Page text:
08 June 2001
Atlantic Council Report Calls on U.S. to Relax Economic Sanctions on IranPrivate sector engagement will advance U.S. goals sooner
By Jane Morse
The Atlantic Council of the United States released on June 8 a report calling for the United States to unilaterally relax all economic sanction on Iran.
The policy paper "Thinking Beyond the Stalemate in U.S.-Iranian Relations" is the product of a working group chaired by: former Chairman of the House Foreign Affairs Committee Lee H. Hamilton; former National Security Advisor to President George Bush Brent Scowcroft; and former U.S. Secretary of Defense and Secretary of Energy James Schlesinger. Ambassador Roscoe Suddarth is the principal policy advisor to the working group and the former president of The Middle East Institute.
The U.S. government maintains that Iran is a major state sponsor of numerous terrorist organizations and an active opponent of the Middle East peace process. Yet after twenty years of adversarial relations, according to the report, both sides are interested in breaking the stalemate. Relaxing economic sanctions on Iran, the report says, is a way to achieve this.
"Iran has an important role to play in meeting growing U.S. and worldwide energy demands," the reports say. "The 1995-96 U.S. sanctions on Iran were imposed during a period of global oil surplus, but the world is now entering a period of global energy scarcity. Iran currently accounts for 5 percent of worldwide oil production and is the second largest oil exporter in OPEC (Organization of Petroleum Exporting Countries)."
Yet Iran needs significantly increased capital investment to maintain its current level of production and to develop new fields for future demand, the report says.
"Regardless of the direct U.S. role, Iran will play an increasingly important role among the world's leading suppliers of oil and natural gas," the report says. "In the meantime, U.S. companies are losing opportunities to their European and Asian competitors. U.S. jobs and tax revenues are also being lost because of U.S. restrictions on participation in Iran's economy."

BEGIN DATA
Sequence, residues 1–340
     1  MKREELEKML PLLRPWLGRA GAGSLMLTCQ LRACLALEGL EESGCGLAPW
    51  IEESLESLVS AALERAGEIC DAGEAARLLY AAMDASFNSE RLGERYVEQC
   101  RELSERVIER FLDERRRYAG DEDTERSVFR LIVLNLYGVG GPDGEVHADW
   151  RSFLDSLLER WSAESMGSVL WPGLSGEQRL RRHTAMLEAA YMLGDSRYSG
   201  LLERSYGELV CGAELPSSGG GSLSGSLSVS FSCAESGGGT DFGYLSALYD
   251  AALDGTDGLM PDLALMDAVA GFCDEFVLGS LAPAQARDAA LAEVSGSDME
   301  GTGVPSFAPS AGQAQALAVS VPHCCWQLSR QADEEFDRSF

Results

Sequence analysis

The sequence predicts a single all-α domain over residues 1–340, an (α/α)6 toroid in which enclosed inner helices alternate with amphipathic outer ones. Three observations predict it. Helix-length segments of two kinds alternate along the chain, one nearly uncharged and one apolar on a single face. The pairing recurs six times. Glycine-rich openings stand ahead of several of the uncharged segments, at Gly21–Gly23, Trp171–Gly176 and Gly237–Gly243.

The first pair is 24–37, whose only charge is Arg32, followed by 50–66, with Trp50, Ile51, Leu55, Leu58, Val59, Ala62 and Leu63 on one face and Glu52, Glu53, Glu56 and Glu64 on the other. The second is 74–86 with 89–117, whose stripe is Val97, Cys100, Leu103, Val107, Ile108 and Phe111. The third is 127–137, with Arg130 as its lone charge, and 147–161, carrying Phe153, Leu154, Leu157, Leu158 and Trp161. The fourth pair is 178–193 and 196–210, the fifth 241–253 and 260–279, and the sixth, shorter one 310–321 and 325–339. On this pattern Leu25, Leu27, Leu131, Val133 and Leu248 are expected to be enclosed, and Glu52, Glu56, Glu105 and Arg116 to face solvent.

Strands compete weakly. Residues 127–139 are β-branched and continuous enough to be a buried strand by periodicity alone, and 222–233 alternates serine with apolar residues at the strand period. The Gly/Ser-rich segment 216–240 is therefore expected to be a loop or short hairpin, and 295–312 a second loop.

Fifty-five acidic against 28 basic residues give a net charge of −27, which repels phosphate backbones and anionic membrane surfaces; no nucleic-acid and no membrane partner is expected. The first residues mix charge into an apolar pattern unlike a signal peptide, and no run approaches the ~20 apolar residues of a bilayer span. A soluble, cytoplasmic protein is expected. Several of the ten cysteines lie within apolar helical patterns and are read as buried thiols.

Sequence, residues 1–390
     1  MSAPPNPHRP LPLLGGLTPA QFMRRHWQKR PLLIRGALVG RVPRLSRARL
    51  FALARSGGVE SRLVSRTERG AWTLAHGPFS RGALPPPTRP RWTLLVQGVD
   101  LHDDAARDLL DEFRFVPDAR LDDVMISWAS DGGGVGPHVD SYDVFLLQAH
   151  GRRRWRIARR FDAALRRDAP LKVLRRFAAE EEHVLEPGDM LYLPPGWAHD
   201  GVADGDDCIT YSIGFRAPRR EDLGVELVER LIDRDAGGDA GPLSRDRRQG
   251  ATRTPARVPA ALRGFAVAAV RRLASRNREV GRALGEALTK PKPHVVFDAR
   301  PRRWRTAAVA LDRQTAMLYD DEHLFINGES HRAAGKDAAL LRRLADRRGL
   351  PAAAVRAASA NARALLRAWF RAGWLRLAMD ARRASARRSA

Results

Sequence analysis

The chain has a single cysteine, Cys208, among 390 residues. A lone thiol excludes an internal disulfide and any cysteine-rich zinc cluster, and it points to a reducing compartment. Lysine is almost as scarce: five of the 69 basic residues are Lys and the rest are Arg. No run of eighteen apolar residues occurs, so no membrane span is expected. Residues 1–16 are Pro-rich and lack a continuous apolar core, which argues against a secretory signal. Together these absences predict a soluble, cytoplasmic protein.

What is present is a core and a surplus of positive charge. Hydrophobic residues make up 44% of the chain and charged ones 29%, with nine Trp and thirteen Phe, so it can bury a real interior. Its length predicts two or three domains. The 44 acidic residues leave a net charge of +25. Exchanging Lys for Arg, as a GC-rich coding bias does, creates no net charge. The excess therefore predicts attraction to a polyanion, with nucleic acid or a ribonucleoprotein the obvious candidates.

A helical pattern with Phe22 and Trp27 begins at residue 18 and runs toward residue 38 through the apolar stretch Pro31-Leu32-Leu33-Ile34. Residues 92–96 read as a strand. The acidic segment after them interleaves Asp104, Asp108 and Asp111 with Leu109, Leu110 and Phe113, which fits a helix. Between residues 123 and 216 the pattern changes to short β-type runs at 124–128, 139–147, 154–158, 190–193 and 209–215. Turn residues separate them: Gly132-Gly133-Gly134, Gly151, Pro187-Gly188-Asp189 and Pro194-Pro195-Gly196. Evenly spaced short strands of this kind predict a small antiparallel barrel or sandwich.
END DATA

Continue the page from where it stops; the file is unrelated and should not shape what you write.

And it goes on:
According to the report, U.S. sanctions have had "little discernible effect" on Iran's behavior, because Iran has found alternative investors and suppliers.
The report urges the United States to "de-link interests that can be pursued directly (geopolitical, energy, and economic) from those parts of its security interests (weapons of mass destruction, terrorism) that can be more effectively pursued multilaterally."
Strengthening private sector engagement will better enable the United States to achieve its immediate and longer-term geopolitical, economic and energy security interests in the region, the report says.
"Eventually, better and increased engagement with Iran should help with difficult security issues," the report says.
The report acknowledges that moving beyond the current stalemate will be difficult, but it argues that no substantial improvement in relations between the two nations can take place without the United States taking the first unilateral steps.
The full report is available the Council's website -- http://www.acus.org/ -- under "New Publications."
The Atlantic Council of the United States is a non-partisan, educational, tax-exempt organization. The Council was formally established in 1961 when former Secretaries of State Christian Herter and Dean Acheson, with Will Clayton, William Foster, Theodore Achilles and other distinguished Americans recommended the consolidation of the U.S. citizens groups supporting the Atlantic Alliance into the Atlantic Council of the United States..
(Distributed by the Bureau of International Information Programs, U.S. Department of State. Web site: http://usinfo.state.gov)